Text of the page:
The cover letter – duty or freestyle?
Otto does not require a cover letter for applications. The Baur Versand and Sportscheck also. And Deutsche Bahn reported in spring 2019: 10 percent more applicants without a cover letter.¹ Companies find it difficult to find new employees and are therefore breaking new ground. They make the application process easier for everyone involved; applicants are freed from an unpleasant task and personnel departments have to sift through fewer documents. Is this a win-win situation and a procedure that is suitable for other companies? Or is it more of a lose-lose scenario, in which a company forgoes an essential element in the selection of candidates and applicants miss a good opportunity to position themselves? What is the cover letter for applications? Duty or freestyle?
The competition of resumes
What happens with an application without a cover letter? The CVs of the applicants compete with each other. The best CV wins. In many cases, this is the person who names the more impressive employers and roles, or who shows several languages and short study periods. Perhaps you now think that in your company this is handled differently by reading between the lines. And indeed, CVs do not only show previous employers, roles, activities and time periods. Also the frequency of job changes, promotion to hierarchies, the increase in responsibility, etc. are – if available – usually relatively easy to recognise. Interestingly, we usually evaluate people and information about people directly. Here is an example:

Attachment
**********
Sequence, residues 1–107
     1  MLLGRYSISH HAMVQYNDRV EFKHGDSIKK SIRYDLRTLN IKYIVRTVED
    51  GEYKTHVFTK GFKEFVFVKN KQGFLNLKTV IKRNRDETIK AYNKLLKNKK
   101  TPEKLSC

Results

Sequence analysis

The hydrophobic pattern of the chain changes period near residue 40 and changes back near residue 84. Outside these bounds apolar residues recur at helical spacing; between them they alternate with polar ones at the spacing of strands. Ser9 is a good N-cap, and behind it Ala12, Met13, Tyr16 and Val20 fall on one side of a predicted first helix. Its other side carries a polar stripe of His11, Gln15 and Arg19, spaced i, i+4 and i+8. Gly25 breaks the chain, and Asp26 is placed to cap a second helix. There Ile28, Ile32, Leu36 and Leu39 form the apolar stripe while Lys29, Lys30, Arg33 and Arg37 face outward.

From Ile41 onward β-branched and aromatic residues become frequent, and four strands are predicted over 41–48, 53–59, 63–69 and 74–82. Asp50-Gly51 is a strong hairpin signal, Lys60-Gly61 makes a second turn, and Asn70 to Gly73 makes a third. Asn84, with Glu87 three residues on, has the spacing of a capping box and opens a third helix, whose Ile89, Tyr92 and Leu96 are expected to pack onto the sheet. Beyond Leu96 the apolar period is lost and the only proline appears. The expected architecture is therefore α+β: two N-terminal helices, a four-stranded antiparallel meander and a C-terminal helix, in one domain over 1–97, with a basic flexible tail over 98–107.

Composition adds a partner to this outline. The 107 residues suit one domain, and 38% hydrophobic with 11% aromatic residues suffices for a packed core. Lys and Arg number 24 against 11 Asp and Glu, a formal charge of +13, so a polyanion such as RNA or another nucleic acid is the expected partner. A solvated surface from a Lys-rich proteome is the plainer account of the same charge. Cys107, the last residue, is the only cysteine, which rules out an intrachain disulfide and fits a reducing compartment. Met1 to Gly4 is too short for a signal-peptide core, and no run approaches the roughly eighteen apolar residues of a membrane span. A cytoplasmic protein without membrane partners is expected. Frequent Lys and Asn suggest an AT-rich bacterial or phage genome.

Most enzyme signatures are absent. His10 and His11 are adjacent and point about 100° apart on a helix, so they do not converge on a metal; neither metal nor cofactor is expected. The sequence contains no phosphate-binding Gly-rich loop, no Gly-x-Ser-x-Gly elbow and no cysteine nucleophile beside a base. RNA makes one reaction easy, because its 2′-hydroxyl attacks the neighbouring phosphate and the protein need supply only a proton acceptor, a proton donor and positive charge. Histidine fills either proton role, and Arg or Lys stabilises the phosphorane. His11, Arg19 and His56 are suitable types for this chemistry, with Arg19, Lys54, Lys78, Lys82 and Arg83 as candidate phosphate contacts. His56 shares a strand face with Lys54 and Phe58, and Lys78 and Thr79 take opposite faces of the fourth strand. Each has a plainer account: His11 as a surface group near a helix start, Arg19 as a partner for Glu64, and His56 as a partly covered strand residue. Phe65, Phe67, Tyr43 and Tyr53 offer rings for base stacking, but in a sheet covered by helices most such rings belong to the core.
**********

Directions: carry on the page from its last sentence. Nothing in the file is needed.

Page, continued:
- There are two external applicants for a position with you; a 62-year-old and a 42-year-old candidate.
- Applicant A had five jobs in the last two years, applicant B one employer in the last 12 years.
- Which of the two applicants is probably more reliable, who says his opinion more often and who can adapt better?
I suppose you would answer the questions differently than I do. Each of us has his or her own perspective, resume and story. In addition, there is the concrete context of the position to be filled, implicit expectations of the new employee and experiences with your own company. This leads to different images and different opinions about the candidates. This is neither bad nor good, it is normal. We tend to evaluate and classify information. And we interpret information. Example: How old is candidate A: 62 or 42 years?
The blah-blah letter
“… Increasing complexity combined with the short product cycles that are common today determine the growing demands placed on the development of hardware-integrated applications. In this context, I consider reliability and real-time behavior to be the cornerstones of a successful embedded software solution.”
Unfortunately, there are many practical examples of cover letters that fail to reach their target. What is the goal of a cover letter? And what is the purpose of the cover letter? If you are not clear why you are writing a cover letter and what you want to achieve with it, you will (usually) not have a chance to fill the vacant position. You just don’t know it yet. Why should a company be interested in classifying “cornerstones in embedded software solutions”? Even if the company deals with embedded software solutions – which is not the case in this specific case – what added value does such information offer?